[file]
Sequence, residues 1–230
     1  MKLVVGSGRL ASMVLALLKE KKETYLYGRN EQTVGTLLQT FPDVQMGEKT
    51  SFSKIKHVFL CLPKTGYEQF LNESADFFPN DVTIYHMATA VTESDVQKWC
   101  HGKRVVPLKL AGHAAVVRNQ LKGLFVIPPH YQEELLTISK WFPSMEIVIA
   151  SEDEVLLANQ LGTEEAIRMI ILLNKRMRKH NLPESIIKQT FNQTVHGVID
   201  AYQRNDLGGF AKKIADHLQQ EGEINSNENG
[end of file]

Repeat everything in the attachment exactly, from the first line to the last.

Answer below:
Sequence, residues 1–230
     1  MKLVVGSGRL ASMVLALLKE KKETYLYGRN EQTVGTLLQT FPDVQMGEKT
    51  SFSKIKHVFL CLPKTGYEQF LNESADFFPN DVTIYHMATA VTESDVQKWC
   101  HGKRVVPLKL AGHAAVVRNQ LKGLFVIPPH YQEELLTISK WFPSMEIVIA
   151  SEDEVLLANQ LGTEEAIRMI ILLNKRMRKH NLPESIIKQT FNQTVHGVID
   201  AYQRNDLGGF AKKIADHLQQ EGEINSNENG